NARRATOR (Clive Russell): What’s up with all the lions in the borders of this German textile? Medieval lions did a lot of symbolic work, which crept beyond the pages of the bestiary to other intricate decorative items, like this one. Lions were meant to remind medieval audiences of important Christian stories.
Let’s go over the lion’s story again.
The lion is the very first animal mentioned in the medieval bestiary. In fact, if you’ve ever heard the expression “king of the beasts,” that’s where it comes from. In the Middle Ages, lions were revered and considered most noble. Bestiaries resemble encyclopedias with their descriptions and accompanying illustrations. But instead of thinking of animals in natural history terms, as you might expect, they were seen as symbols of Christian Bible stories.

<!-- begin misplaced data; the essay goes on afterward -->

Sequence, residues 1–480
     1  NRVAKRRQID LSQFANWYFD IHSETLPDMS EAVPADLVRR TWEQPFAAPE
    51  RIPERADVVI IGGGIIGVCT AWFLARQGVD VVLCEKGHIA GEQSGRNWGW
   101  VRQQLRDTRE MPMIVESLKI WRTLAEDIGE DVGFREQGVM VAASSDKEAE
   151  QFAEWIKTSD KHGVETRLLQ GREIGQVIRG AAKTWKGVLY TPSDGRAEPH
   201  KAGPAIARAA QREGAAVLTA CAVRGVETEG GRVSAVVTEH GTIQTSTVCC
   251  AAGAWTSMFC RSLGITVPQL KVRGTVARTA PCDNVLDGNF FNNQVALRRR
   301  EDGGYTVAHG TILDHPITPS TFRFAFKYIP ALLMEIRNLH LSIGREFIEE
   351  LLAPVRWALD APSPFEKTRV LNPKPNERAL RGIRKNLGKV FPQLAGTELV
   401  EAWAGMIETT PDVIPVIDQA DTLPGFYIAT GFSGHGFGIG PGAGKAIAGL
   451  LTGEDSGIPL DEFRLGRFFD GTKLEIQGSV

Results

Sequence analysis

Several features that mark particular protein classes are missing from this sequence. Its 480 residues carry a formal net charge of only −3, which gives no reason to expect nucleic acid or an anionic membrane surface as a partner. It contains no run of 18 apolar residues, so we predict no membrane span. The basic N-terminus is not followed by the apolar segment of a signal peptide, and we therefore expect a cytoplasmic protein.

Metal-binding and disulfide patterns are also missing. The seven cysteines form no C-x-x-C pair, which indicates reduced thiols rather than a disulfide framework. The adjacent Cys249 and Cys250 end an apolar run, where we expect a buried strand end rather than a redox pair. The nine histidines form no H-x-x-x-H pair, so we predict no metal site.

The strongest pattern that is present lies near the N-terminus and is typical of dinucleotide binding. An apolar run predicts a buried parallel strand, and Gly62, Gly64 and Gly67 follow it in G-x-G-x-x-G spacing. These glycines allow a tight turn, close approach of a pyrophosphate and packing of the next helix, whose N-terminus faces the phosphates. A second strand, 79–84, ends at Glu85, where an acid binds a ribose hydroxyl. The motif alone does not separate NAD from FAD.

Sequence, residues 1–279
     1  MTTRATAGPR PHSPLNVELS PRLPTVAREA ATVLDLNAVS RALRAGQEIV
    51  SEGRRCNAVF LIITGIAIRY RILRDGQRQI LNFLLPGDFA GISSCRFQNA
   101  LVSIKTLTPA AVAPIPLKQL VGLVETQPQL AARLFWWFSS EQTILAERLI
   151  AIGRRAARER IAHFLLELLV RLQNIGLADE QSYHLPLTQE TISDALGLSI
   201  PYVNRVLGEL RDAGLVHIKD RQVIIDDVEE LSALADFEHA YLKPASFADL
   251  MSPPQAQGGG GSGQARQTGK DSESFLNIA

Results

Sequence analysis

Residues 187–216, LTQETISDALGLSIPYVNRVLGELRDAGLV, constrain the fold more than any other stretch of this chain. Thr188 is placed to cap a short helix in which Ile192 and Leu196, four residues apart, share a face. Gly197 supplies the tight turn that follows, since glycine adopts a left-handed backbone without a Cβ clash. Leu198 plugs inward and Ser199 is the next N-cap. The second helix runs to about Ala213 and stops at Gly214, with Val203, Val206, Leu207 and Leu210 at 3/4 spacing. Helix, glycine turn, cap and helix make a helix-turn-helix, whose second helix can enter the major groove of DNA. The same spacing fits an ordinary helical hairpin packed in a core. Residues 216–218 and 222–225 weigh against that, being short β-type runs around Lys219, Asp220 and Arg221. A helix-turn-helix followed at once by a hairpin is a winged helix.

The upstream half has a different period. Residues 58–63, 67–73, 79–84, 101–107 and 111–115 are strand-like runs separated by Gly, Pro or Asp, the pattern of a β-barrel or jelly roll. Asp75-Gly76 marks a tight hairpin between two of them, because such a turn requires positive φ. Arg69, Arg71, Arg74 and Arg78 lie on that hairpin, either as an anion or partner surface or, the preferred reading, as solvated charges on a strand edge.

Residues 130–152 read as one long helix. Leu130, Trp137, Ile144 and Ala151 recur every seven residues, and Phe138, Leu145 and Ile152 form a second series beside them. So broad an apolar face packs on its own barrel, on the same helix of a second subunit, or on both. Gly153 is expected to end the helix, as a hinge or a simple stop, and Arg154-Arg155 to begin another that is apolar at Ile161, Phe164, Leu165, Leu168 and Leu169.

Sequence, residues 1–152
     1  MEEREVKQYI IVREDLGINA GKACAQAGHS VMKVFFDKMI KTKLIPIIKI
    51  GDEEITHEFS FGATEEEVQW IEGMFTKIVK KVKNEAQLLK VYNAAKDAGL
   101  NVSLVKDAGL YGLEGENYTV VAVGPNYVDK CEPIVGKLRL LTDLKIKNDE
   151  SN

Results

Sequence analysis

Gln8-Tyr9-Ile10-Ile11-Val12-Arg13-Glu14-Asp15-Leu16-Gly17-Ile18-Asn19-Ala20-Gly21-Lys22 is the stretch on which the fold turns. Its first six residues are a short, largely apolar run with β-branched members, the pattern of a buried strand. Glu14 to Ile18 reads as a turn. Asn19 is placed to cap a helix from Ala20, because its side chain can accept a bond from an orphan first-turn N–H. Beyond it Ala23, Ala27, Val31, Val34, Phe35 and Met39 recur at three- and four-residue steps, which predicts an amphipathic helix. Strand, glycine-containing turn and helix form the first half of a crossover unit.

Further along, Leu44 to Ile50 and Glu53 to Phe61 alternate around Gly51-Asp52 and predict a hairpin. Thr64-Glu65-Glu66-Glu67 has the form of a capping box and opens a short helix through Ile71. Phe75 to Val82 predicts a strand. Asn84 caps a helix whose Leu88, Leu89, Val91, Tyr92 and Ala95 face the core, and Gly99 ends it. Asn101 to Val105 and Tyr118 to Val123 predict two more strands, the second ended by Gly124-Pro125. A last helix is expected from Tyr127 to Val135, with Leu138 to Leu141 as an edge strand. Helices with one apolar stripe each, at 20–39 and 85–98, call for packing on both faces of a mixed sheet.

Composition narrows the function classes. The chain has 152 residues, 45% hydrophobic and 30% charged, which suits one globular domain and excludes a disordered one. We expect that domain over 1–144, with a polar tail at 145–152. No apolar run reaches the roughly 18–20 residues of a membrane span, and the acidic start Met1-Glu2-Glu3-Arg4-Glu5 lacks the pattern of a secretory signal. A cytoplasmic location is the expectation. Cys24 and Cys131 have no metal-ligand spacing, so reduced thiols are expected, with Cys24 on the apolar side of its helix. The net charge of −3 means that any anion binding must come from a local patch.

Within the bestiary legend of the lion, there are several key tales of its many virtues.
Lion cubs are born dead. They stay way for three days. Only the father-lion’s breath or roar can revive them, which is why so many medieval lions are portrayed breathing on their little ones.
They use their tails to erase the trail of paw prints they create as they make their way through dangerous terrain, especially if they detect the odor of impending hunters.
Lions sleep with their eyes open; another stealth tactic of self-preservation.
What did these tales mean to audiences of the Middle Ages? The three-day death and awakening of the cubs stood for Christ’s crucifixion and resurrection. So, too, did the lion sleeping with its eyes open—Christ as physically dead, but divinely alive. The lion erasing its tracks represented the savior concealing his divinity to all but his followers.
In art and popular culture, the noble lion still personifies power and nobility, inhabiting seals, coats of arms, flags, and logos.